It's a great, incisive Q&A that no other site seems keen to directly acknowledge, 'forgetting' to add links and provide an official connection to, and has already sparked a number of headlines.
Nintendo has kindly put the whole transcript online - you can read it here - but the MCV team has also read through the whole thing and here provides highlights from an feature with the man that has led the format-holder, and the entire industry, in a new direction...
Investor Question: I thought that Nintendo operational profit might surpass that of Toyota in about three years, and the financial result you announced yesterday was very good because you already achieved the feat this year. You have just explained about the European and the U.S. markets. I would like to know about the current market situations and your perspective on such countries with large populations as South Korea, China, South-East Asian countries, India, and Russia.
Iwata: Naturally, the ultimate market size can be determined by the total population in the market and, in the mid-term, I think countries with large populations have significant potential.
Around the start of last year, I was hopeful that the company could focus and allocate resources into such markets. However, as it became clear that the markets in Americas and Europe were rapidly expanding, we needed to allocate almost all the Wii hardware consoles we can manufacture to these existing markets. This is how we came to think that the timing of our deployment into the newly-emerging countries should be next fiscal year or thereafter.
It appears that the drastic changes in the economic climate has been affecting the economies of the newly emerging countries more than others. Given this situation, I now think that we need to have a more long-term perspective in estimating how quickly we may be able to enter into these new markets.
In case of South Korea, the market has come to the point where DS can sell more than 1 million units in two consecutive calendar years. On the other hand, as you all know, the yen recently appreciated against the Korean won significantly. Therefore, how we can maintain a profitable business in this market has become more challenging to us.
Having said that, however, countries with large populations from a mid-term prospective have significant market potential for DS, Wii and any future products, so we would like to tackle them as our mid-term issue.
Investor Question: You said that overseas software makers are now taking conservative attitudes in making purchase orders to you. I would like you to explain a little more about the tendency of the third party publishers as the large scale restructuring by overseas software publishers may impact the software sales from now. Nintendo’s gaming population expansion strategy appears to have been accepted by third parties as well, so the impact to the software for Nintendo platforms must be relatively smaller than that for the other hardware manufacturers. Yet, I would like to know if there is a fear that the impact may grow further and affect your software sales in the future.
Iwata: Please understand that I have to refrain from naming individual software manufacturers in order to make that explanation, so that let me talk in generality. As you know, a number of major software manufacturers are reporting that they are experiencing a financially challenging time or that they will be scaling down their operations.
On the other hand, just a few years ago, a year or two before we launched Wii, I doubt that anyone in the industry was able to correctly forecast the current sales situation of Wii. Of course, Nintendo was hopeful that we would make this new system the best selling hardware in the next generation. Even so, if you ask me if we were able to foresee today’s situation, I am not that optimistic so I have to admit that today’s situation is exceeding even our original expectations.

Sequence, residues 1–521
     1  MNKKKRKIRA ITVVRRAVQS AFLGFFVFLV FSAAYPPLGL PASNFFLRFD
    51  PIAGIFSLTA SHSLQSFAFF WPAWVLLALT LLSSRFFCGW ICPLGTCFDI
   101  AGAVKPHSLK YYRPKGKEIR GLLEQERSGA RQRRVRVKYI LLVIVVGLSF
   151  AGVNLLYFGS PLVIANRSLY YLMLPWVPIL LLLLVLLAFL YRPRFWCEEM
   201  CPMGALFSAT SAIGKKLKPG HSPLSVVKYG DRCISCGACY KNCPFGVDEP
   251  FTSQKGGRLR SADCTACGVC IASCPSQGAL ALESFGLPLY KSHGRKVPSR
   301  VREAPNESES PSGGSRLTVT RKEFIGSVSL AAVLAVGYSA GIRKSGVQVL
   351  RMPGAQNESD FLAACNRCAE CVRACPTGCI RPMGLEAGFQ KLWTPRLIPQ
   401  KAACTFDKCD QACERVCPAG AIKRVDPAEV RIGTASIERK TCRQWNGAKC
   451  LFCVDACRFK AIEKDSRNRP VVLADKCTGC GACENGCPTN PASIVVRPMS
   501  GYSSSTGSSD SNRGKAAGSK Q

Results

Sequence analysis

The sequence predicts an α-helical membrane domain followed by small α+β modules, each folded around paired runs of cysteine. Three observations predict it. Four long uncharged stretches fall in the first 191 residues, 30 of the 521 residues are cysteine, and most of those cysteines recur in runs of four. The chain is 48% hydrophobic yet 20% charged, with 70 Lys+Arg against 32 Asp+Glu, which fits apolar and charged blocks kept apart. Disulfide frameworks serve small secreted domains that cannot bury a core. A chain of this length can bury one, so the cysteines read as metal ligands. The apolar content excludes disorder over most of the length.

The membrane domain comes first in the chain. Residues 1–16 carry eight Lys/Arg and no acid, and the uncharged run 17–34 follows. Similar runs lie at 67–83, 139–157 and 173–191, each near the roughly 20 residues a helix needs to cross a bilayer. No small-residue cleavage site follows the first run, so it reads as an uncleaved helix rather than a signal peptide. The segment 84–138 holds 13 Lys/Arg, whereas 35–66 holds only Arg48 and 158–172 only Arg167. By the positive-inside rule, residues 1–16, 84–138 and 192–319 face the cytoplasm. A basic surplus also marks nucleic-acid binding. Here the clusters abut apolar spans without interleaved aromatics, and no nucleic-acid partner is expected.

To the third party software manufacturers, the surprise must be bigger. As you know, some are reportedly saying that they bet on the wrong horse or that they need to change course. I recognise that each one of the third parties is trying to develop software that can be appealing on DS and Wii systems which have significantly increased the installed bases, while narrowing the overall number of software to develop.
There are things that show immediate results , and things that need some time to see the results. Overall, we recognise that our relationships with the software manufacturers are shaping up better than before. So, in the mid-term, we believe that more attractive titles will be launched by them for our platforms.
Investor Question: Your downward forecast revision announcement of this time was largely due to external elements, and it is becoming increasingly obvious that your strategy, which is based upon gaming population expansion, was simply the right one. Overseas third parties who had significantly invested in software development for other high high-def machines have now ended up downsizing those efforts, which follows what Nintendo has been saying all along: that market development in that direction will be challenging.
Even so, I think issues are emerging even for Nintendo. I imagine that Nintendo had fairly high expectations for Wii Music but actual domestic sales was a little over 400,000 units, so it is not performing as anticipated in Japan. When I got to try Wii Music hands-on at your conference, I did not immediately feel the 'fun' that I felt with Wii Fit and Wii Sports. I think that today’s mainstream games are something that offers a feeling of fun as soon as you pick it up, so I would like to hear how you are evaluating the result of Wii Music.
Also, the home console market is shrinking only in Japan. As the first party software manufacturer, Nintendo has the responsibility to grow the market, and I would like to know of your strategy.
Iwata: I agree that Wii Music, as of now, has not achieved its true potential. On the other hand, I feel that Wii Music is a software that elicits largely two extremely different reaction from consumers. There are people who highly appreciate it and those who do not appreciate it at all. Usually for other software, if there is a fair amount of people who evaluate the software positively, the appreciation level of that software becomes slightly skewed toward a positive note, but on the other hand, if a number of people evaluate it poorly, the overall reaction to the software is bad. For Wii Music, the impression seems to completely depend on each individual player. It is unfortunate that Wii Music was not immediately appealing enough to some consumers, but it simply might have not been the right game for them.